Sociology Midterm

Topics: Sociology, C. Wright Mills, The Sociological Imagination Pages: 3 (949 words) Published: November 15, 2013
1. Define the sociological perspective or imagination, cite its components, and explain how they were defended by C. Wright Mills. The sociological imagination is defined as being a way of thinking that helps us use information or data to form theories about the social patterns around us. We collect information and from that information we may make judgments or prediction. However we cannot view society in one’s own point of view. Everyone is different so it is important to not only form our own theories but also to take into consideration other theories. It is not possible to understand why people act the way they do if we are not open to hearing their reasoning and thoughts. Our own thoughts are only one version of a sea of other versions, an important component of sociology. C. Wright Mills said that by using the “sociological imagination” we have a better ability to see patterns in society and identify how these patterns influence individuals and groups of individuals. We have all heard the saying “never judge a book by its cover” or “never criticize another until you have walked a mile in their shoes” that is the sociological imagination. Hearing other stories or theories to help create and change our own. Mills book “The Sociological Imagination” written in 1959 focused on the relationship between “individuals” and “society”. He explains the difference between personal issues and public issues. For example unemployment, if a man is laid off he takes it as a personal failure if a group of other individuals are also being laid off it becomes a public issue. We can use the social imagination to see patterns in these trends. The same is said for divorce. By understanding others we create theories and can predict outcomes. 2. What is meant by the terms "ascribed status" and "achieved status" provide an example to illustrate how a person's ascribed status could influence his or her achieved status. “Ascribed status” is defined as being characteristics that you...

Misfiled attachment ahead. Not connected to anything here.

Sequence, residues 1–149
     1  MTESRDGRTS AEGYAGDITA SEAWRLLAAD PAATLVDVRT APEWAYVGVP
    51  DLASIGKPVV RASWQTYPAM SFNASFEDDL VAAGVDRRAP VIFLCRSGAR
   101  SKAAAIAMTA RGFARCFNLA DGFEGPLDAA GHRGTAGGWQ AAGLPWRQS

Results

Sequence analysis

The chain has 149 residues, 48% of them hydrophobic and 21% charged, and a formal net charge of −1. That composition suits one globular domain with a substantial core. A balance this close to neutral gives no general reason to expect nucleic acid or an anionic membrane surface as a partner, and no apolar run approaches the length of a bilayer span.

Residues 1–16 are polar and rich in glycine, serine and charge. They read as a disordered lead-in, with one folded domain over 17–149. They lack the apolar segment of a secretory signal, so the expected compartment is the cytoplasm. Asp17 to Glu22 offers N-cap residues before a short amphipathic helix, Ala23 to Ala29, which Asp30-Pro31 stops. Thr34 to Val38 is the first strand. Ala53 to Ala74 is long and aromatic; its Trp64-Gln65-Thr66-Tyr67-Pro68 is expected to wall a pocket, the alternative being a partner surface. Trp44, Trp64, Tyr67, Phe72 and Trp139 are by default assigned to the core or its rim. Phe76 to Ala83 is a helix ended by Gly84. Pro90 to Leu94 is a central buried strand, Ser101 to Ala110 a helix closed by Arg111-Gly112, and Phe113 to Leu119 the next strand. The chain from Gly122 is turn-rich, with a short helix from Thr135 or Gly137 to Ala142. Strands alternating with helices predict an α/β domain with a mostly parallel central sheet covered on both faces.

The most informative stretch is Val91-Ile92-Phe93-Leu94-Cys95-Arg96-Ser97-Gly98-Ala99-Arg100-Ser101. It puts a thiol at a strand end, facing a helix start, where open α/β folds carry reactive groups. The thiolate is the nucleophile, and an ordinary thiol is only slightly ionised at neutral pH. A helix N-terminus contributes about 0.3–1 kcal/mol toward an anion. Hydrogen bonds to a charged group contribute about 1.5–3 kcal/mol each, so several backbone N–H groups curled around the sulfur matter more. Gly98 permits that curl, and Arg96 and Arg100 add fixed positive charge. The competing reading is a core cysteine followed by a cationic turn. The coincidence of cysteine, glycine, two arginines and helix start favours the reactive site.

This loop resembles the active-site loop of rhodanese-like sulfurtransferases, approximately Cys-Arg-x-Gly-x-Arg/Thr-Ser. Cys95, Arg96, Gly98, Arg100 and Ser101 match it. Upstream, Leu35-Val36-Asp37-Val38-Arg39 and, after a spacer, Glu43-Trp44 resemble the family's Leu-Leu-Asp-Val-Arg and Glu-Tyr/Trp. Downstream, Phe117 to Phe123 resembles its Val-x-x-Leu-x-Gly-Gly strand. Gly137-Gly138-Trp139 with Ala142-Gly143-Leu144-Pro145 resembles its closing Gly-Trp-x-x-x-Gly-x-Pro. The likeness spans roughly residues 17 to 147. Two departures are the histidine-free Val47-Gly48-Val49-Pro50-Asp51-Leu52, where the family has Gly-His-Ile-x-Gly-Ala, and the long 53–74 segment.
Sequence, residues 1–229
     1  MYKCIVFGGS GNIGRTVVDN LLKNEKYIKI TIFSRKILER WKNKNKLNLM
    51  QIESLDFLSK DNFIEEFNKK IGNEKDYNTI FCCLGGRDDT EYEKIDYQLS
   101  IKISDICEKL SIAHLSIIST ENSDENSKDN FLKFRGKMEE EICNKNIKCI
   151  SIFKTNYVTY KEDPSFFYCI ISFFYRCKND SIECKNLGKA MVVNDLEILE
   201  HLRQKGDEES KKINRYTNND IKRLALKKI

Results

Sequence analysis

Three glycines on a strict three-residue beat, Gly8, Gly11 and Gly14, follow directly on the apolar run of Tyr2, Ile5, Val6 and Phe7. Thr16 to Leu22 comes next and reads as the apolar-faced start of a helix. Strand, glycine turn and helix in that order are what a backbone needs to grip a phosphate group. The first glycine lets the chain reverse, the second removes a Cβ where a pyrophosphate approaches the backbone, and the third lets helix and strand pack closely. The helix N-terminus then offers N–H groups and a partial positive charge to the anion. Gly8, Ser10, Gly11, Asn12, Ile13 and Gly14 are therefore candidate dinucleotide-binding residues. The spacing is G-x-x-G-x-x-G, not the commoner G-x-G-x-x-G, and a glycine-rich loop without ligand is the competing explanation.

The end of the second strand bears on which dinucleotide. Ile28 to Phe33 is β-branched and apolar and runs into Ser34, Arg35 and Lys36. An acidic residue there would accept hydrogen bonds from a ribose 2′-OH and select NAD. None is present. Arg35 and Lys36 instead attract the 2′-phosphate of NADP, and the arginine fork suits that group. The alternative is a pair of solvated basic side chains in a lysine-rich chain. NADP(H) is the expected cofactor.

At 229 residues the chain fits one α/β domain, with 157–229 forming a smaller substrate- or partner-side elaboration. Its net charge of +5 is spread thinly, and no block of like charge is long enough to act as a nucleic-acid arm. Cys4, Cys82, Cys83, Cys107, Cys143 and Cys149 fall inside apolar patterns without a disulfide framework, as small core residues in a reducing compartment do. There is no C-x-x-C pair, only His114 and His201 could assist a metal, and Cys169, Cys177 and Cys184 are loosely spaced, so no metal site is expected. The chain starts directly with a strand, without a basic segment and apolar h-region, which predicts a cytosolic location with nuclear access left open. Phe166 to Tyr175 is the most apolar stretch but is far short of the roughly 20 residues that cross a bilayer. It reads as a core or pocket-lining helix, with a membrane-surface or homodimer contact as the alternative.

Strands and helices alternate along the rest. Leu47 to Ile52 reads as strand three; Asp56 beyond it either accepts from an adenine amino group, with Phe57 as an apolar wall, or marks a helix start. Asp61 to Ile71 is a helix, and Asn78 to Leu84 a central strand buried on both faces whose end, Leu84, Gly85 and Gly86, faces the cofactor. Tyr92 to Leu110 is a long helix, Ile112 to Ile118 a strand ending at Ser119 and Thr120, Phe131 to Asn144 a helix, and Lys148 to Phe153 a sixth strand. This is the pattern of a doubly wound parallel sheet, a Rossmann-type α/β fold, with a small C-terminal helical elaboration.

References: Crossman, Ashley, Sociology - Sociology information, resources, and news from About.com...
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